The music I heard was not choral music.  It was the rock and folk and popular music that the students relate to.  Some of it had been written by the students.  They were in various small groups, singing (sometimes solos, sometimes harmony), playing acoustic and electric guitars, ukeleles, drums, basses, keyboards- the instruments they wanted to play, and the music they had chosen.  The dancers had choreographed their own pieces, all intended as reflections of self-expression- answers to the question, “Who am I?”  The one act play we watched was not just acted by the students, but also written by the students, and was about issues important to teens.

We also explored a gym that had been turned into an art gallery, full of paintings, blown glass pieces, and multimedia pieces, including a huge wall hanging with bicycle tire tracks.  I knew exactly whose piece that was, and I could guess who had constructed a square of protruding nails that appeared to be dripping with blood.

My daughter’s claim to fame that night was a 5-minute video called ‘The Laundromat’, in which she chronicled a story of hanging out in the local laudromat with her best friend and getting caught by the owner while sitting inside the industrial size dryers.  It had fantastic special effects and photography, and starred ‘The Hulk’ as the laudromat owner.  It showed off her sense of humor, storytelling prowess, and considerable technical skills.  It was a big hit.

Incidentally, Maddy is allowed to walk around school with her video camera, filming anytime and anything she wants, as long as she gets permission from anyone she catches on camera and as long as she puts the camera away during class.  She’s been asked to edit the school’s arts video for her tech project next year, and she’s planning on making a documentary about her school as the ‘creative expressions’ portion of the portfolio she must complete to graduate.

Of course, she has had to learn Math, English, History, various sciences and a language while in high school.  And as in any school, I sometimes hear the kids complain about tests or homework, or the way a teacher handles a particular issue.  But there is also daily morning meeting, an afternoon every week devoted to community service, and a social worker available for emotional and social concerns all day every day.  Teachers are called by their first names.  And the staff knows every kid and their ‘schtick’ – strengths, weaknesses, likes, dislikes- and tries to honor who they are as people.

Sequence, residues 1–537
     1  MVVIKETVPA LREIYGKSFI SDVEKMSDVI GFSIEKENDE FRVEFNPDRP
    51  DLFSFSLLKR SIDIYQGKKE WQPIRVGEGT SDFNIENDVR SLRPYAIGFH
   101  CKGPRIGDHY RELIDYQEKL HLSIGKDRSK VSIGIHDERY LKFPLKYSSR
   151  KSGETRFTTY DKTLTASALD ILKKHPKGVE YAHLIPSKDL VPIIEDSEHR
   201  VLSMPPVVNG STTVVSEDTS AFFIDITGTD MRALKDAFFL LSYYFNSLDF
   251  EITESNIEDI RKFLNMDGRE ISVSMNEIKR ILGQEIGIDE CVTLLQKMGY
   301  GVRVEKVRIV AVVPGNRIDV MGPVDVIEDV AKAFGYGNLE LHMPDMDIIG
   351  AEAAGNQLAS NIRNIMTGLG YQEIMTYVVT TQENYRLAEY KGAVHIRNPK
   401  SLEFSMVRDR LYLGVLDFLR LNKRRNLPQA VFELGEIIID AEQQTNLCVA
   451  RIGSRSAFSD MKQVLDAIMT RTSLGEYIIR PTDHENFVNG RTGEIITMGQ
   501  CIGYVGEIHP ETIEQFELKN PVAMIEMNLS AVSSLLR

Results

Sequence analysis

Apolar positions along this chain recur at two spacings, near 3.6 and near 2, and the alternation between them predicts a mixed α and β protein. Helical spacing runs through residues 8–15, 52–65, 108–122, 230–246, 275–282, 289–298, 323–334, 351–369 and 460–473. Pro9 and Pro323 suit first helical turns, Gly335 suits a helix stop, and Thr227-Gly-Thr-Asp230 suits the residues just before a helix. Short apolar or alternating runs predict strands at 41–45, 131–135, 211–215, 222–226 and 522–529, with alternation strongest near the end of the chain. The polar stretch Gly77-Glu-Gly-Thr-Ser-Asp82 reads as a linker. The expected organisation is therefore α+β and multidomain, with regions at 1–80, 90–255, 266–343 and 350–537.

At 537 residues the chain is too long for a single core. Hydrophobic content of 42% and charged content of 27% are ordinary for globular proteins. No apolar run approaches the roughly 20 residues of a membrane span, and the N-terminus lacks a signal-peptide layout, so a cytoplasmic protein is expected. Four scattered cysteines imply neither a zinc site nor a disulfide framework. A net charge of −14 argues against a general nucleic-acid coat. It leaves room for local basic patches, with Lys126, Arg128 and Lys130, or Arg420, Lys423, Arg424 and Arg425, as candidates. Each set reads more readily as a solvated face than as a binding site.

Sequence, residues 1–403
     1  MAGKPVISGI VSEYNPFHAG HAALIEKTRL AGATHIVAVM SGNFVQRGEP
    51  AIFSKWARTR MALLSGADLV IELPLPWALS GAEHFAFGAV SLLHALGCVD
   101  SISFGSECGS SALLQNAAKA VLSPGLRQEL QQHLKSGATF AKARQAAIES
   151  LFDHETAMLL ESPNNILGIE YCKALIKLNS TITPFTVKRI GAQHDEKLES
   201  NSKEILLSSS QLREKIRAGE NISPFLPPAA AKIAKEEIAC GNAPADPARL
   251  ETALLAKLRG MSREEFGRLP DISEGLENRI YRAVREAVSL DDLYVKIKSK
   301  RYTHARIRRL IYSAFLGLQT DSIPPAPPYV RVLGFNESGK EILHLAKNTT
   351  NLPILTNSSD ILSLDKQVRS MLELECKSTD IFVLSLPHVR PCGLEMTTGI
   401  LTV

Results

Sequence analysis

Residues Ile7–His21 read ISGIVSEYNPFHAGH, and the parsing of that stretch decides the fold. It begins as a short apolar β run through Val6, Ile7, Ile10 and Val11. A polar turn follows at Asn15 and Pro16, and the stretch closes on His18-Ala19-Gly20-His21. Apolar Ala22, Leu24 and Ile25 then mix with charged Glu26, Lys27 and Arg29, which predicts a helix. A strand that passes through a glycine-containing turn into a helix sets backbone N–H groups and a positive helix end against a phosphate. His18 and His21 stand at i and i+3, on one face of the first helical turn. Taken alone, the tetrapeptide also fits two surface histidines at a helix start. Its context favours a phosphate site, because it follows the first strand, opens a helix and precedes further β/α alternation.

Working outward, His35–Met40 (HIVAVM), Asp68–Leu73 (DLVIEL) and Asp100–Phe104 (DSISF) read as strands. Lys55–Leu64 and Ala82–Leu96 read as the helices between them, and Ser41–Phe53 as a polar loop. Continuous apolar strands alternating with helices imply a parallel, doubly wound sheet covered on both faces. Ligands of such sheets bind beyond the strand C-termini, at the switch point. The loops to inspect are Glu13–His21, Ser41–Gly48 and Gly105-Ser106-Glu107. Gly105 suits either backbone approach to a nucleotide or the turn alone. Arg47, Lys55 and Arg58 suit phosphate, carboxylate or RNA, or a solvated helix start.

I think that most kids do fine in ‘mainstream’ schools.  Some like them.  Personally,  I remember disliking a lot of things about high school.  My high school was very heavily oriented to sports, and I was anything but athletic.  I was one of only a few Jewish kids.  Being brainy was not socially valued, especially not if you were a girl interested in science.  So I definitely didn’t fit in.  But I managed, finding theater and music to keep me occupied and friends at another school.   I think a lot of kids who don’t like their schools manage in this sort of way.  But there are those who truly need something different.  Probably a lot more kids these days need this sort of alternative approach than can get it.  A lot of people don’t even know it exists.

And then there’s my question.  What if everyone got a little of that?  I think every kid should have a chance to really express himself.  I think we’d see a lot less unhappy teens.  Not that I know how to do it, but having had a taste, it’s hard not to think there should be a lot more of it.

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Responses

  1. I think you would be very interested in The Art of Profiling and Rage of the Random Actor by Dan Korem. Much of what you referrenced above is explained in depth… why a certain population of our students today need the alternative education more than ever. Dan and I would be glad to have a conference call with you if you are interested.

  2. I looked up the books and you’re right- I am interested. I’ll email you to discuss further.